Earlier this month, the story of a little girl who was asked to leave a KFC because her facial scars were “disrupting customers” went viral on the Internet. Then, a week later, reports flooded the Internet that the scandal was nothing more than a hoax. Not exactly happy to be publicly portrayed as liars, the family of Victoria Wilcher has politely turned down the restaurant’s $30,000 donation money.
When reports first emerged of the sad story involving young Victoria’s Wilcher’s KFC ordeal, the fast-food restaurant chain immediately gave the family a public apology and offered them a $30,000 donation. Later, after reports that the sad story may in fact have been largely false, KFC pulled an honorable move by refusing to withdraw its monetary gift to the toddler.
Still, the young girl will not be receiving a single penny of the donation because the family “didn’t feel it was appropriate to accept it after everything KFC had done,” the family’s attorney, Bill Kellum told The Jackson Clarion-Ledger. The girl’s grandmother, Kelly Mullins, insists that her tale of unacceptable customer service is wholly truthful and says she's received an angry public reaction after rumors of it being a hoax emerged. To say the least, Mullins remains upset over the entire ordeal.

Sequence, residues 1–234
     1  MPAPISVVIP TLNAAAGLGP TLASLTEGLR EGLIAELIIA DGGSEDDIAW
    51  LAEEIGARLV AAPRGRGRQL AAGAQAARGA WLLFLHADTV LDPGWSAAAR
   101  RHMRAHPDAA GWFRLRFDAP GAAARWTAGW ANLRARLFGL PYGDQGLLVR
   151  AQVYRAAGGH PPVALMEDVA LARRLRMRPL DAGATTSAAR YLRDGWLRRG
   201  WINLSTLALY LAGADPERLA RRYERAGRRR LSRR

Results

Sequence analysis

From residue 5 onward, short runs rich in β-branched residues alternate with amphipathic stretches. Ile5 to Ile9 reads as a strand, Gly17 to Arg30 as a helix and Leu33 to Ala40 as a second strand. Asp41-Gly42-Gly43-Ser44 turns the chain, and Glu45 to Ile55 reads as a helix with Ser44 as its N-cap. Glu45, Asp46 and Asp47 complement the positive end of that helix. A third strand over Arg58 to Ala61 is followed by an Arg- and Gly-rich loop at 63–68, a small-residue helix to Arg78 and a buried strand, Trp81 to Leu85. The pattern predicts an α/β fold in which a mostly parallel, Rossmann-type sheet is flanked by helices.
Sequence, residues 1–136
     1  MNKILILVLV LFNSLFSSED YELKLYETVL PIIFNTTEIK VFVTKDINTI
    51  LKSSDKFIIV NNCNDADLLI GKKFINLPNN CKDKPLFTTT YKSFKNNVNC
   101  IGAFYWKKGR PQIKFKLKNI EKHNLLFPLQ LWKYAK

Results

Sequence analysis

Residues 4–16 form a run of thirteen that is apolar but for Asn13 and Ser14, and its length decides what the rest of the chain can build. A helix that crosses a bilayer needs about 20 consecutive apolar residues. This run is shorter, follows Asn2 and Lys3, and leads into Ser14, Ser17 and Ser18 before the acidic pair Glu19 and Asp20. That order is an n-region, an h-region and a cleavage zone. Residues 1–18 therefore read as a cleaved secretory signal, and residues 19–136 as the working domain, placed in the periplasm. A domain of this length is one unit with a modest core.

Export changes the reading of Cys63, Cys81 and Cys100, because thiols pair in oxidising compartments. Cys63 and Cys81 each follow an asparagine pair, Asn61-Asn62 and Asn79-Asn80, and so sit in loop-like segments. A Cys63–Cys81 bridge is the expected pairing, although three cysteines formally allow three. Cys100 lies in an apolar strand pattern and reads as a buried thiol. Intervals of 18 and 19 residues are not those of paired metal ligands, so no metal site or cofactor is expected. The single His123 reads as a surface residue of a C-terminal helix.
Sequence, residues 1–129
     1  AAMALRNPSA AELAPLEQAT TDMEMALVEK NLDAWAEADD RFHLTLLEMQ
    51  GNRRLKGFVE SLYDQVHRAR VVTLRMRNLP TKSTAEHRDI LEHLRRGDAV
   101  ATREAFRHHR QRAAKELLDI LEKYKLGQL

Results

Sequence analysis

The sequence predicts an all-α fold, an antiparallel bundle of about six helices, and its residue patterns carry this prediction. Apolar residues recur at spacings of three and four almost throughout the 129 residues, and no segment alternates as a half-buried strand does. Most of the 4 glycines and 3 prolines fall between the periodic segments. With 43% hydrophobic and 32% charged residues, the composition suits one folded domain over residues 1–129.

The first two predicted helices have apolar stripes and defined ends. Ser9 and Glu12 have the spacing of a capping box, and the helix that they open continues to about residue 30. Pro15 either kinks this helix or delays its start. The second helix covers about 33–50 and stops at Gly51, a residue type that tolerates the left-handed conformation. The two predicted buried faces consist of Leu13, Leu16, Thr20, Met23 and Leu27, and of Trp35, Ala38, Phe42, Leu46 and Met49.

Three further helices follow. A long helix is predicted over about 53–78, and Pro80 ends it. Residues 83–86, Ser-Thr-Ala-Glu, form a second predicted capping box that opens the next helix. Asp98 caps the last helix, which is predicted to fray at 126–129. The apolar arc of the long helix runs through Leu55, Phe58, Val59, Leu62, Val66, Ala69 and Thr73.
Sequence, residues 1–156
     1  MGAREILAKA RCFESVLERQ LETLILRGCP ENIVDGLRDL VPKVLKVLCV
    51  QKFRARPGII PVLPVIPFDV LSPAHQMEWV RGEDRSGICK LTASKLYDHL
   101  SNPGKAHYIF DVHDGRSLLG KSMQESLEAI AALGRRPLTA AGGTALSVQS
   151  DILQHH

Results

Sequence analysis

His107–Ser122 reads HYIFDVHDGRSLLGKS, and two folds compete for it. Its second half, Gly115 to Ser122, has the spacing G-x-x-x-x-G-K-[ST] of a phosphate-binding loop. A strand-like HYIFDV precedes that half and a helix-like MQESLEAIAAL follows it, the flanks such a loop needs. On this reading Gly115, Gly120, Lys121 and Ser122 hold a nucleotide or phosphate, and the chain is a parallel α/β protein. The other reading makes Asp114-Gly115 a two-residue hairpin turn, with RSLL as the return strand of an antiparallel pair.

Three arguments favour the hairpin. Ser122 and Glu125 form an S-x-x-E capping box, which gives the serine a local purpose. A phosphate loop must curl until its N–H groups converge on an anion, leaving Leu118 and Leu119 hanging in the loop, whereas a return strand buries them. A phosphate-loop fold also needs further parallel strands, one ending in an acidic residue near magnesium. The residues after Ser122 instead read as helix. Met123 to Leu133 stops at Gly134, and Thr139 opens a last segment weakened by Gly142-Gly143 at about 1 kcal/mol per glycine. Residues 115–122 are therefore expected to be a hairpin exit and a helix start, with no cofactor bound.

The family may not personally want the hefty donation, but they do have some ideas of how the money could be rightfully spent. “We did tell them they were more than welcome to donate the money to the Frank Stile Foundation,” Kellum explained. This is the charity of Las Vegas plastic surgeon who has agreed to operate on young Victoria free of charge. Florida’s Center for Custom Prosthetics has offered to provide Wilcher with a prostestic eye to replace the one lost in the vicious dog attack.
It turns out that the family doesn’t actually need KFC’s donation, which is dwarfed in comparison to numbers raised by the public via Victoria’s GoFundME site. Prior to the young girl’s incident, the donation web page had only managed to raise a total of $595. After the incident became public, more than $135,000 was raised via the online donation site, Gawker reported. The family will make sure that “every cent goes towards Victoria getting better,” Kellum told The Jackson Clarion-Ledger. “The family is committed to having the money put in a discretionary trust account for Victoria with a third-party, non-family member designated as the trustee."